Sunday, April 10, 2011


There are TWO reasons to go to Yuen Long (元朗) in the New Territories. One of them is poon choi (盤菜), the other one is wife cake.
Yes, you can get both of those things elsewhere, but Yuen Long is the source.

Poon choi (basin dish: 盤菜 or 盆菜) is a compound of various ingredients pre-cooked separately, then carefully layered in a basin and reheated together for a short while, so that each ingredient may share some of its flavour and aroma with its neighbors.
The more expensive foods (roast duck and roast pork) are higher on the pile, and their juices will run down through the layers imparting savouriness to the more mundane items, making the braised lobak chunks on the very bottom avidly sought after.
A good poon choi is a feast, a bad poon choi resembles the leftovers that sergeant Yamada was heating up on a hotplate at his desk in the television series Barney Miller.
Poon choi is native to the New Territories (新界), available at some restaurants in the rest of Hong Kong, and not made anywhere else in China.

Wife cake (lo poh beng: 老婆餅) is a Chinese pastry consisting of candied winter melon paste surrounded by layers of contrasting dough – an oil dough around the filling, a water dough on the outside. Both dough layers are rolled together for uniformity, then folded around the filling.
Then an egg wash, and two slits to prevent it puffing up in the oven.
The completed product is baked for about twenty minutes to crisp it, resulting in a confection which is crumbly and delicious when fresh, soft and slightly chewy the next day.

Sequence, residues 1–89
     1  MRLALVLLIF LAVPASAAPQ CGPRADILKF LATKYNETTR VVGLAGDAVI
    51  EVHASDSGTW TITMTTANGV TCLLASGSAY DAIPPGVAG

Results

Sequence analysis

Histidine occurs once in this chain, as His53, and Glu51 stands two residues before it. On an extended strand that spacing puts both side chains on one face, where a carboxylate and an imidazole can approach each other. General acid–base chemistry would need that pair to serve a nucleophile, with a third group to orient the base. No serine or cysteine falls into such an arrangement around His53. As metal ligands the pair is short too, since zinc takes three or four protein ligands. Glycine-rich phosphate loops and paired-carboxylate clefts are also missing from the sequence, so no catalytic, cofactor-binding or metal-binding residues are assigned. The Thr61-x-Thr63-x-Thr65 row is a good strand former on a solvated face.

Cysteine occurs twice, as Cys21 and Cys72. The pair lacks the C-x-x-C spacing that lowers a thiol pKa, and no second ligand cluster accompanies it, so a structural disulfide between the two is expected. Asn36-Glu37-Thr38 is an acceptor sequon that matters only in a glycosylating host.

Either way, divine with hot milk-tea.

[The term 老婆 (lo poh) is typically Cantonese, and almost the same in meaning as the hippie-era term 'old lady'. Lo is old, poh is a related female. My old lady = 我嘅老婆 (ngoh-ge lo-poh = my better half.]

What makes the product specifically a 'lo poh beng' is the different dough layers, which separate from each other and render it flaky.
Some bakeries fold the two layers over and roll them out a number of times to create a millefeuille effect.
The home cook is probably better off not trying this, though.

[Caution to the kosher and halal segment of my readers: traditionally, animal shortening (clarified lard) is used in Cantonese bakeries, as it really does yield a better, tastier result. Nowadays some manufacturers use vegetable oils. Butter can also be used. A few companies (including the one mentioned below) use palm oil. Coconut is a small part of the filling. And note that peanuts are a common presence in the kitchen of any Cantonese pastry shop.]

The most famous wife cakes are made by Wing Wah (榮華) in Yuen Long.

榮華餅家 AND 大榮華酒樓

Wing Wah in Yuen Long is well known for wife cakes, though they also make many other things, and run a very fine restaurant on the second and third floor of their building.
Their attention to detail, and the quality of their foods, make the half-century old company a destination.

Address: Number 4-6 On Ning Road, Yuen Long

If you're taking MTR to Yuen Long, get off at Tai Tong Road (大棠路), go down to Green Mountain Road (青山公路) and walk towards Kuk Ting Street (谷亭街), turn right.